- Evaluate the Performance. Regardless of what Proximitor or eddy current system is used, fully understand the reliability, and accuracy of the system, especially over temperature. Refer to industry standards and specifications such as API 670. Even if your industry is not the Petroleum industry, this specification is quite often used as a general guideline in all industries operating critical rotating turbomachinery and reciprocating machinery.
- Keep the Whole “System” Reliable. Bently Nevada 3300XL Proximitors, probes and cables, when used together, form an engineered transducer system that is extremely reliable. In addition, consider that the selection of the system monitor or protection system is equally important. The Bently Nevada 3500 Machinery Protection System incorporates all of Bently Nevada’s 50+ years of machinery knowledge. That knowledge has been learned the hard way through many experiences similar to the one outlined above, knowledge that we fed back into our products, that gave us the outstanding reputation that we have today. In short, Bently Nevada is exceptional at data acquisition and also at detecting and preventing two key things: missed trips and false trips. For critical machinery we are the best in the world at this.
Why not an “Adjustable” system?
In addition to some of the pitfalls outlined earlier, some companies provide the ability to adjust the limits and outputs of the eddy current system. Some, touting the ability tune the output to “API standards”. In the early days of eddy current technology this was an accepted method (used also by Bently Nevada in those days) to produce an accurate system. As technology progressed and the use of the gold standard was implemented, it was no longer required for a customer to “tune” the eddy current driver. Some companies still rely on this legacy approach, even advertising it as an advantage, because they do not have the ability to produce the world-class gold standard technology that Bently Nevada has.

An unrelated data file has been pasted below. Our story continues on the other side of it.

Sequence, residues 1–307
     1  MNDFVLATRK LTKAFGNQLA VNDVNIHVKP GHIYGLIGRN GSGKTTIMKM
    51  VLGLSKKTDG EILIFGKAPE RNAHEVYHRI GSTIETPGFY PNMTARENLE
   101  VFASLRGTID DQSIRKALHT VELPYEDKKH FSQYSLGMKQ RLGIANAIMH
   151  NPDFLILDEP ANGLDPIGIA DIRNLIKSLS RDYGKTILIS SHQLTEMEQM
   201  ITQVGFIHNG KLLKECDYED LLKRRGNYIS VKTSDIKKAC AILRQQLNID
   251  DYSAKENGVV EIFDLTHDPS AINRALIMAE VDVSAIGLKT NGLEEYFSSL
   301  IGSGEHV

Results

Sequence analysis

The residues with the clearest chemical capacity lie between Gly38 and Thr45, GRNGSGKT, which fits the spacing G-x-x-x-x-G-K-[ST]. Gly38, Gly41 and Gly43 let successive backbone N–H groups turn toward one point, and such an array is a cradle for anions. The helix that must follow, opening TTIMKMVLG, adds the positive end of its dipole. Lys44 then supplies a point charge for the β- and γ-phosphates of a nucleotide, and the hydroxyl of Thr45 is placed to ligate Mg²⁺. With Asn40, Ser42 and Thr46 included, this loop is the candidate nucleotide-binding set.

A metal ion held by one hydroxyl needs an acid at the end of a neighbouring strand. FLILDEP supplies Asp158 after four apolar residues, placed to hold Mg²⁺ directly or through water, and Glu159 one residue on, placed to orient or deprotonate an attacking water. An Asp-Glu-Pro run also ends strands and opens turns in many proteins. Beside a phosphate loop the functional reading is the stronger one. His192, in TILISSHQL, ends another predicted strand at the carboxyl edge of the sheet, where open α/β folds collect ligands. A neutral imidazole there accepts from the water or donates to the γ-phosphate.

In addition to this, having produced and installed an estimated 4 Million Proximitor systems on the world’s most critical equipment, our experience shows that customers do not benefit from an “adjustable” system.
Firstly, sensors that can be calibrated are often required to be recalibrated on a scheduled basis. The issue with this is that there are no calibratable degradation modes in any eddy current sensors, regardless of the manufacturer. If the sensor scale factor drops, the affected component needs to be replaced, not recalibrated. Under no circumstances should an eddy current sensor installed in a machine be recalibrated due to degradation, as this can lead to significant measurement error over time, essentially “tuning out” the degradation and blinding the plant to high vibrations or extreme thrust position.
Another problem relates to troubleshooting and stems from the fact that once the system has been installed and adjusted, the question always arises whether or not it was adjusted correctly? Did the technician set the correct upper and lower limits? Did they get adjusted at some later date? This uncertainty becomes a real issue when a machine begins having a vibration problem. The first question that is asked is whether or not the instrumentation was “adjusted” correctly. Instead of focusing on the vibration issue, the customer is focused on diagnosing and/or validating the transducer system! When a Bently Nevada Proximitor system is used, it requires no adjustment, therefore, this uncertainty is removed and the measurement can be trusted for shutdown or diagnostics.
Not only do we calibrate our 3300XL Proximity probe systems to our proprietary gold standard as mentioned above, we do this calibration in an automated manner using robotics on fully NIST traceable equipment. We have done this 2 Million+ times with 3300XL…and counting.
What about various shaft materials?
Real world machines are provided with a wide range of shaft materials. Since the non-contacting eddy current system is sensitive to the particular alloy of the shaft, the eddy current sensor needs to be able to handle these various materials and provide a consistent, accurate output. Again, some companies claim the ability to “adjust” the output of the eddy current system to any shaft material as an advantage. Unfortunately, they end up in the same situation as outlined above with a system that is adjustable but may or may not have been adjusted correctly, leading again to uncertainty or a system that has had the degradation “adjusted-into it”. Bently Nevada offers a complete library of Proximitors for common (and uncommon) materials, each with their own genuine Bently Nevada gold standard so that customers do not have to worry about “tuning” their system in the field.
Bently Nevada takes the reliability and safety of our customer’s operations very seriously and over the years we have labored to earn your trust with your most critical machines. In turn, you have come to trust in our solutions and our expertise and the fact that we do not compromise when it comes to safety, quality, and reliability. This is our commitment to our customers now and into the future.